There's strength in numbers.
And Google Voice - the controversial service that's put Google, Apple. AT&T and the Federal Communications Commission into recent headlines - is about to experience a growth spurt.
Until now, you could only become a Google Voice user through an invitation from Google, not people like me who are already Google Voice users. Now, Google is going to give guys like me - users who sing the praises of GV - the power to extend invitations to friends.
No, I don't have invitations to hand out yet. (So, please refrain from asking.) Google said in a blog post that the "Invite a Friend" will be rolled out to existing users. It didn't say how many invitations each user would receive. 5? 10? 100?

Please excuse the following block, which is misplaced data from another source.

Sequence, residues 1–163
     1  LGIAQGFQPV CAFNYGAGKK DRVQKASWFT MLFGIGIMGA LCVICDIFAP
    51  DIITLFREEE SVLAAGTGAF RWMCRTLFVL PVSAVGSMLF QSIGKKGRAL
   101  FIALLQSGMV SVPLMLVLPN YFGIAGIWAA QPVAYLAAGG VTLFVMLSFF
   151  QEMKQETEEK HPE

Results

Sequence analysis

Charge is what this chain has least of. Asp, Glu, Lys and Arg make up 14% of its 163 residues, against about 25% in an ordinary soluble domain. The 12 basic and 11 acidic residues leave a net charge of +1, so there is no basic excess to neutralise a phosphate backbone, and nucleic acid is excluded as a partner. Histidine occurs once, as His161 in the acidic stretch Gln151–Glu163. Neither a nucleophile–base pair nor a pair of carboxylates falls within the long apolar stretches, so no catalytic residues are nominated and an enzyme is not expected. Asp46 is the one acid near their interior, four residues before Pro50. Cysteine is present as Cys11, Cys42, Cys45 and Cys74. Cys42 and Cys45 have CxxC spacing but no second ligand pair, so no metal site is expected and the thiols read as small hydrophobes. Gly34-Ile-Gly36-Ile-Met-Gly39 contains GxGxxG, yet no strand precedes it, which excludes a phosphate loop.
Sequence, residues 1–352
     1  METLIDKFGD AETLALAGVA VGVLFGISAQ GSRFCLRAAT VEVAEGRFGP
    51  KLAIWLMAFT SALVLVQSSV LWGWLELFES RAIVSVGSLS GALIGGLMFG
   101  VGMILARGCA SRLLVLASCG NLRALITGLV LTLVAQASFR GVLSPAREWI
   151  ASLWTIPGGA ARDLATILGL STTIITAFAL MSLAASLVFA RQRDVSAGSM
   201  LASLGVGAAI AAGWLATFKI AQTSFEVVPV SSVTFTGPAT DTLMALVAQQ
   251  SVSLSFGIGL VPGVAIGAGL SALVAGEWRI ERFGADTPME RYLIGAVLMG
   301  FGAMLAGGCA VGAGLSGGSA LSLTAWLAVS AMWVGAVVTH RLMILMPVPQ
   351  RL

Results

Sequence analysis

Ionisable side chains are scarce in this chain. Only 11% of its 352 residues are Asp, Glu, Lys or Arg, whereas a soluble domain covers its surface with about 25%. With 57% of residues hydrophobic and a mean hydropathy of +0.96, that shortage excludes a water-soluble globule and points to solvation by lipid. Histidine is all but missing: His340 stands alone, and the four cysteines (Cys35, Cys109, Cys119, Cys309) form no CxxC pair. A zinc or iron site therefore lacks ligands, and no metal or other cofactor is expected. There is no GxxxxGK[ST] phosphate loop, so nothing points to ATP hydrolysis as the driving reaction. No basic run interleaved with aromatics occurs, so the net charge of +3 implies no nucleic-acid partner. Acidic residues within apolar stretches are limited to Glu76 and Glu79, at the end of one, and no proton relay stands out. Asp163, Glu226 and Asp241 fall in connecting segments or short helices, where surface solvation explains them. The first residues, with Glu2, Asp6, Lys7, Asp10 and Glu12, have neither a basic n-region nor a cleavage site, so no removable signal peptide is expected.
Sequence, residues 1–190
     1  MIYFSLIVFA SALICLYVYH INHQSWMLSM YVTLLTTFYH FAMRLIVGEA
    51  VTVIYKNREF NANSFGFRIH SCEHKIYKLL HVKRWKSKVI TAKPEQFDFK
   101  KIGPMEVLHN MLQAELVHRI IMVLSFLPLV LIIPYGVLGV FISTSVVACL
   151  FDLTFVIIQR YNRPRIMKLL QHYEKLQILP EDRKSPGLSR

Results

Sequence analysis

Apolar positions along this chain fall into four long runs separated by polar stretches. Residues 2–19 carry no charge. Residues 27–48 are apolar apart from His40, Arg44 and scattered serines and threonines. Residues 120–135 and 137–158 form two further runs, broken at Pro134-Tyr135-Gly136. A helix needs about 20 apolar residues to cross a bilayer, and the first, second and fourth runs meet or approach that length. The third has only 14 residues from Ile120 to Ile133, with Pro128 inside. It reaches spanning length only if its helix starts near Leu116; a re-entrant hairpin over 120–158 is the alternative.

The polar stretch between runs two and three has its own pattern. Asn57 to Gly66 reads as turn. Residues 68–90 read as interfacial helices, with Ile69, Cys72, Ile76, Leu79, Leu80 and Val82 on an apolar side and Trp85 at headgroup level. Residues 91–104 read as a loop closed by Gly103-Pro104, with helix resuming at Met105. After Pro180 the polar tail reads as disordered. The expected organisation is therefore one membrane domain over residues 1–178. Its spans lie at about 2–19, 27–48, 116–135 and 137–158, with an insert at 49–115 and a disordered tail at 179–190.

Google Voice, you'll recall, is a Web service that allows users to have one phone number for life and forward calls to that number to (almost) any landline or mobile phone number. Without a secondary number to route calls to, it's just a voice mail service.
Most recently, AT&T and lawmakers have called for the FCC to investigate Google Voice and the rules it must follow. Is it a telecommunications service or a Web service. This follows an FCC inquiry about the rejection-that-really-wasn't-rejected GV app for the Apple iPhone, which, of course, is powered by AT&T.
Google co-founder Sergey Brin, speaking about the government's Apps.gov initiatives and Washington's private Google cloud, said that the more familiar people in Washington are with Google's cloud apps, the more likely they are to shape policy that reflects that familiarity.
Sounds like a good time to send more invitations and get some folks in Washington - and elsewhere - equipped with an account.